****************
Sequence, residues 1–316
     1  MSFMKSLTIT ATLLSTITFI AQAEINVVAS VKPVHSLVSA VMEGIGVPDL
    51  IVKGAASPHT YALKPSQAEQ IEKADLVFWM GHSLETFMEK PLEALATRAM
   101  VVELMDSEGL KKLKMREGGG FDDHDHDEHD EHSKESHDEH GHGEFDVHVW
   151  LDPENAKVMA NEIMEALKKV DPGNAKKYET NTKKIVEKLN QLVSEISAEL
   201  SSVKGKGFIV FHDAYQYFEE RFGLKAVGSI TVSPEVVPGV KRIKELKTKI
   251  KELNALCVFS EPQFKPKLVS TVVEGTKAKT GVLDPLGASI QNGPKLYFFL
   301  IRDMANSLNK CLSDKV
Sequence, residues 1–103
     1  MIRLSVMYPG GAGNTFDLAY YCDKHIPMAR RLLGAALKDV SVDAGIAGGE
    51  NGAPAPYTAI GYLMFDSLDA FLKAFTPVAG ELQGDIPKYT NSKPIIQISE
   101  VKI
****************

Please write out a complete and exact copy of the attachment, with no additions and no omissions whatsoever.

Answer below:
Sequence, residues 1–316
     1  MSFMKSLTIT ATLLSTITFI AQAEINVVAS VKPVHSLVSA VMEGIGVPDL
    51  IVKGAASPHT YALKPSQAEQ IEKADLVFWM GHSLETFMEK PLEALATRAM
   101  VVELMDSEGL KKLKMREGGG FDDHDHDEHD EHSKESHDEH GHGEFDVHVW
   151  LDPENAKVMA NEIMEALKKV DPGNAKKYET NTKKIVEKLN QLVSEISAEL
   201  SSVKGKGFIV FHDAYQYFEE RFGLKAVGSI TVSPEVVPGV KRIKELKTKI
   251  KELNALCVFS EPQFKPKLVS TVVEGTKAKT GVLDPLGASI QNGPKLYFFL
   301  IRDMANSLNK CLSDKV
Sequence, residues 1–103
     1  MIRLSVMYPG GAGNTFDLAY YCDKHIPMAR RLLGAALKDV SVDAGIAGGE
    51  NGAPAPYTAI GYLMFDSLDA FLKAFTPVAG ELQGDIPKYT NSKPIIQISE
   101  VKI